“WHAT DO YOU THINK YOU ARE DOING, ODELL? IS THAT THE BALLET YOU’RE DOING? WHAT SORT OF STANCE DO YOU THINK THAT IS?”
The best—and only—way to drown Peters out, he’d found by dint of careful experimentation, was to concentrate on someone else entirely. Carter usually could be dragged along, and properly positioned—Carter swam about as well as a hollow log, which was to say he floated perfectly, but navigation was beyond him, and liked nothing better than to retreat to shallow waters as early as decently possible. But Peters had got hold of Carter—it had always been inevitable—and was using him as an example to the twirps of how not to swim, all while keeping up a barrage of shouted instructions at Laurie. He cast around for a suitable distraction.
“ARE YOU GOING TO STAND THERE ALL MORNING, ODELL? WHAT DO YOU THINK, WE’RE HERE TO GAWK AT YOU LIKE A BUNCH OF SISSIES?”
Someone laughed, not kindly, and Laurie glanced around in time to see one of the twirps look studiously away from him. Barnes. Someone should have a talk with him—pity he was so easy to scare, and so irritatingly pretty. Laurie’d had his fair share of taunts when he’d started, but he’d evinced a tendency to up the stakes as far as innuendo went, and that had done the trick. It didn’t do to back down—Barnes was as easy as they came, even Hazell tried it on with him, and God knew... It had been Hazell, laughing. But he’d shut up now, oh yes he had, catch him being anything but perfect with Lanyon keeping an eye on him. No doubt he thought it worth acting out, simply in order to be under Lanyon’s near-constant supervision—why, Lanyon, during the rehearsals for the School Certificate play, had even sat up to read lines with Hazell; everyone said so.
Lanyon’s eye was on him, he realised, and made the dive in a blank determination to be worth the glance.
He landed on his stomach, and flopped around, winded and blinded, the only thought in his head that Peters would hold this over his head for ever. Then there were strong hands gripping him at shoulder and elbow, dragging him upright.
“What the hell were you doing taking your eyes off the water?” He stared, still blank, up at Lanyon’s face—gone white with the sudden exertion, and how had Lanyon reached him so fast, when he’d been at the other end of the pool? “Well? Speak, can’t you?”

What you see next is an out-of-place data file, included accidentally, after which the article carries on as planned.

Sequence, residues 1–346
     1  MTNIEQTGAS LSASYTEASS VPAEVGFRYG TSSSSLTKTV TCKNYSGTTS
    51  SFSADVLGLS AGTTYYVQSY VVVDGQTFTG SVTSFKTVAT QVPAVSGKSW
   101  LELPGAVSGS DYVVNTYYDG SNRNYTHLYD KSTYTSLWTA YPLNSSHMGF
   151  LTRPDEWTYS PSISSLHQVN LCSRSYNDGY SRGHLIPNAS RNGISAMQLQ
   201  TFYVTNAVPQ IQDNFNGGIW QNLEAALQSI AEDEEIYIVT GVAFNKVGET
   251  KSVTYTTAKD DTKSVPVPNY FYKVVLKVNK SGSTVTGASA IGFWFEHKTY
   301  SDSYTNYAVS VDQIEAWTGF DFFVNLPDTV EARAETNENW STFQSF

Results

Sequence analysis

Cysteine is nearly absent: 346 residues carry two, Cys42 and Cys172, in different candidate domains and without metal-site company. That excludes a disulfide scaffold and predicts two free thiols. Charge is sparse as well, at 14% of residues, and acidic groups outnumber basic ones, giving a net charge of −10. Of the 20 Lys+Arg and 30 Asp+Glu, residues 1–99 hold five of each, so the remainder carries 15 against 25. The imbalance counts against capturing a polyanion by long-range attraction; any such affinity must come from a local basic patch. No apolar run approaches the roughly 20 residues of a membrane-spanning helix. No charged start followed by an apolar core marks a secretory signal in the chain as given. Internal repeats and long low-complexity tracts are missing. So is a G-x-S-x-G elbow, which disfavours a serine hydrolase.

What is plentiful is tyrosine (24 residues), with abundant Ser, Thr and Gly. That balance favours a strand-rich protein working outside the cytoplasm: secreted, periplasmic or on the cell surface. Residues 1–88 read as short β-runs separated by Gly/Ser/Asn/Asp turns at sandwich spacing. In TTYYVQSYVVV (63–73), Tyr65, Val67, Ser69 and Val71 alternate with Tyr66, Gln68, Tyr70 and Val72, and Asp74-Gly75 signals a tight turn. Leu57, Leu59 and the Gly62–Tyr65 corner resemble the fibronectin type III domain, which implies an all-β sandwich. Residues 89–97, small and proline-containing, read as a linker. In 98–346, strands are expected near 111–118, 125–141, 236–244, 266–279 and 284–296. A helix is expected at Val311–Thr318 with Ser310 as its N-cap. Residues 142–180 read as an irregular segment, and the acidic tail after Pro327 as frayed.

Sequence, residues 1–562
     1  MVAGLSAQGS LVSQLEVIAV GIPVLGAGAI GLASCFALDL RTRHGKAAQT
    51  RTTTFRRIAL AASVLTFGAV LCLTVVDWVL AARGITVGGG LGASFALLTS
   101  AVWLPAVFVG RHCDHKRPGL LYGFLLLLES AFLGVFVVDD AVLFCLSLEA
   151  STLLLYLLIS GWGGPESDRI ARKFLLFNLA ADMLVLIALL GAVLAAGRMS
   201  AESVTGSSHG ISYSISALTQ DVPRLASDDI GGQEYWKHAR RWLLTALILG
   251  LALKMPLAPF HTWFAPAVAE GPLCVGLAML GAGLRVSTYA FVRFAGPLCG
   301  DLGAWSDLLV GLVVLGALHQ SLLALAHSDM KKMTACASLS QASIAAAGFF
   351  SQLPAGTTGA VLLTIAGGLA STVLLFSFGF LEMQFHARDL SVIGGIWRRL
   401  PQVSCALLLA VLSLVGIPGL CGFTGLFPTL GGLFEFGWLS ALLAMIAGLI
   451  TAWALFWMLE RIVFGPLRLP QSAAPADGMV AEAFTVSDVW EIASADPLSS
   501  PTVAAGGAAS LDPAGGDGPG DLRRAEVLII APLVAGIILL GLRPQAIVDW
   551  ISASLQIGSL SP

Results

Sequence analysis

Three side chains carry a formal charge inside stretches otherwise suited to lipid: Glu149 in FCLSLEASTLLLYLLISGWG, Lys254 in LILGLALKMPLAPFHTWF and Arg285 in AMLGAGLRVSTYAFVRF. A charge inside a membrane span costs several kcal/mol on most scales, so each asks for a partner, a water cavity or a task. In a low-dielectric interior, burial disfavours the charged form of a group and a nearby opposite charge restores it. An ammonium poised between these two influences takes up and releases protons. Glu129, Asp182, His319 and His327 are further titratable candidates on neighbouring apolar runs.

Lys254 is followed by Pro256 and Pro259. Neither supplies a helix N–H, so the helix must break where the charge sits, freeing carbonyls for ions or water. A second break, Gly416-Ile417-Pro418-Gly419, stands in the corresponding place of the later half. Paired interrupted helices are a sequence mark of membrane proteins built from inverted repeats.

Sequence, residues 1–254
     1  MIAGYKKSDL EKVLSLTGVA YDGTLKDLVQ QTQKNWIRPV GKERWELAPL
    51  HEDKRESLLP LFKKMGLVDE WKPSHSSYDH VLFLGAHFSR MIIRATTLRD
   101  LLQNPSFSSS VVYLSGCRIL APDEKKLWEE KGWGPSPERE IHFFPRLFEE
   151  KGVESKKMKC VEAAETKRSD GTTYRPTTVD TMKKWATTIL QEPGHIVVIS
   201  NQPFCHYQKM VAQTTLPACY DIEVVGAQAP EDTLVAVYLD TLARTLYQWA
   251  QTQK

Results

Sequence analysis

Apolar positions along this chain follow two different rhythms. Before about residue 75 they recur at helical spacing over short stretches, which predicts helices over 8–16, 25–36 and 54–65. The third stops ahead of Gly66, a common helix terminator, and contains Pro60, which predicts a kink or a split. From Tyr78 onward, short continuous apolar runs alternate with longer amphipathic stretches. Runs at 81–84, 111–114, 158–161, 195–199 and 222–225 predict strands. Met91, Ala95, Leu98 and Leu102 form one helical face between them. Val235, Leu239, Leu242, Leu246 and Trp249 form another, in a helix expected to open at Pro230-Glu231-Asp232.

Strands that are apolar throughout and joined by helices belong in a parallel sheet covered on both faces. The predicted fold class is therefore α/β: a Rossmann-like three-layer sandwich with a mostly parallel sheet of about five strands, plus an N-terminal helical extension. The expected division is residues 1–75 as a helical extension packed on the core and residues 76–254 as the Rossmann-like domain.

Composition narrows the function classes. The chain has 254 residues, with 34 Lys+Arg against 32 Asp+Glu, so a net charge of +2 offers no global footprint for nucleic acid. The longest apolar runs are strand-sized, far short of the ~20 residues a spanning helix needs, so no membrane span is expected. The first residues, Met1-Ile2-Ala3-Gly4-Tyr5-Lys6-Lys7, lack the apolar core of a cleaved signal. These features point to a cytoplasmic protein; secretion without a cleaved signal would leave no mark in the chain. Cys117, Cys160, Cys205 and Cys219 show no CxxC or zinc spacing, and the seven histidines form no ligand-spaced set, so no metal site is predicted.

“I’m sorry. I’m sorry, Lanyon, please.”
“Sorry?” Lanyon hadn’t been Head of the House when Laurie had been young enough to have suffered the Turkish slipper, but he thought this must be the look the twirps got, this nearly breathless exasperation. “I hope you know how stupid that was.”
“Yes Lanyon. I won’t do it again, Lanyon.”
“Get him out of here; I’ll see to Peters.”
“Yes, Lanyon.” He hadn’t noticed Carter approaching, and now keenly felt his humiliation seen by so many eyes—it had been alright, to look a fool around Lanyon. He felt acutely conscious, too, of Lanyon’s eyes on him, and his hands, still grasping him as though Laurie would fall back into the water if Lanyon let go.
Something of his wretchedness must have communicated itself to Lanyon, who awarded him a last assessing glance before pushing him slightly towards Carter, and climbing out to walk back to Hazell. Some small, usually suppressed part of Laurie informed him that Hazell would certainly have pretended to be dazed. For Laurie it wouldn’t even have been much of a pretence, since he wasn’t entirely aware of being helped out of the pool, or of Carter edging an arm awkwardly around his waist.
“Bit of luck that Lanyon saw you,” Carter was saying, as they went up the path, both their towels over Carter’s shoulder.
“Yes,” he heard himself saying, without much thought, “lucky.”
It was, really. He’d had something of the same trouble when he’d first started diving, and it could be a lot more unpleasant than being hauled out and scrutinised by Lanyon in that pitiless way that made one feel quite stripped of all defences. Of course, Peters would be entirely intolerable for the next few days, but he knew how to deal with that. And it meant that he could get an early start on his Arithmetic, and Carter would be there to help him, too.
It was a bit of luck, really, that he’d made an absolute fool of himself in front of Lanyon, when he’d been wanting to catch an approving smile.